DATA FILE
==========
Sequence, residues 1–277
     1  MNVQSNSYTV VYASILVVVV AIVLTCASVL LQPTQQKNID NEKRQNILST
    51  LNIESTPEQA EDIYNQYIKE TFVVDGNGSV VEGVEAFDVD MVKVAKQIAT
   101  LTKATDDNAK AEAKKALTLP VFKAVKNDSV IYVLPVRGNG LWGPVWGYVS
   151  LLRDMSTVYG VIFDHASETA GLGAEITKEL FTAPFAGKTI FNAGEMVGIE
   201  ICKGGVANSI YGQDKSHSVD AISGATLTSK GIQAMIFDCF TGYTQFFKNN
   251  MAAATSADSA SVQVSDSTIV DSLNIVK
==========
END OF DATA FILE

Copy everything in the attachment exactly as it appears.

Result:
Sequence, residues 1–277
     1  MNVQSNSYTV VYASILVVVV AIVLTCASVL LQPTQQKNID NEKRQNILST
    51  LNIESTPEQA EDIYNQYIKE TFVVDGNGSV VEGVEAFDVD MVKVAKQIAT
   101  LTKATDDNAK AEAKKALTLP VFKAVKNDSV IYVLPVRGNG LWGPVWGYVS
   151  LLRDMSTVYG VIFDHASETA GLGAEITKEL FTAPFAGKTI FNAGEMVGIE
   201  ICKGGVANSI YGQDKSHSVD AISGATLTSK GIQAMIFDCF TGYTQFFKNN
   251  MAAATSADSA SVQVSDSTIV DSLNIVK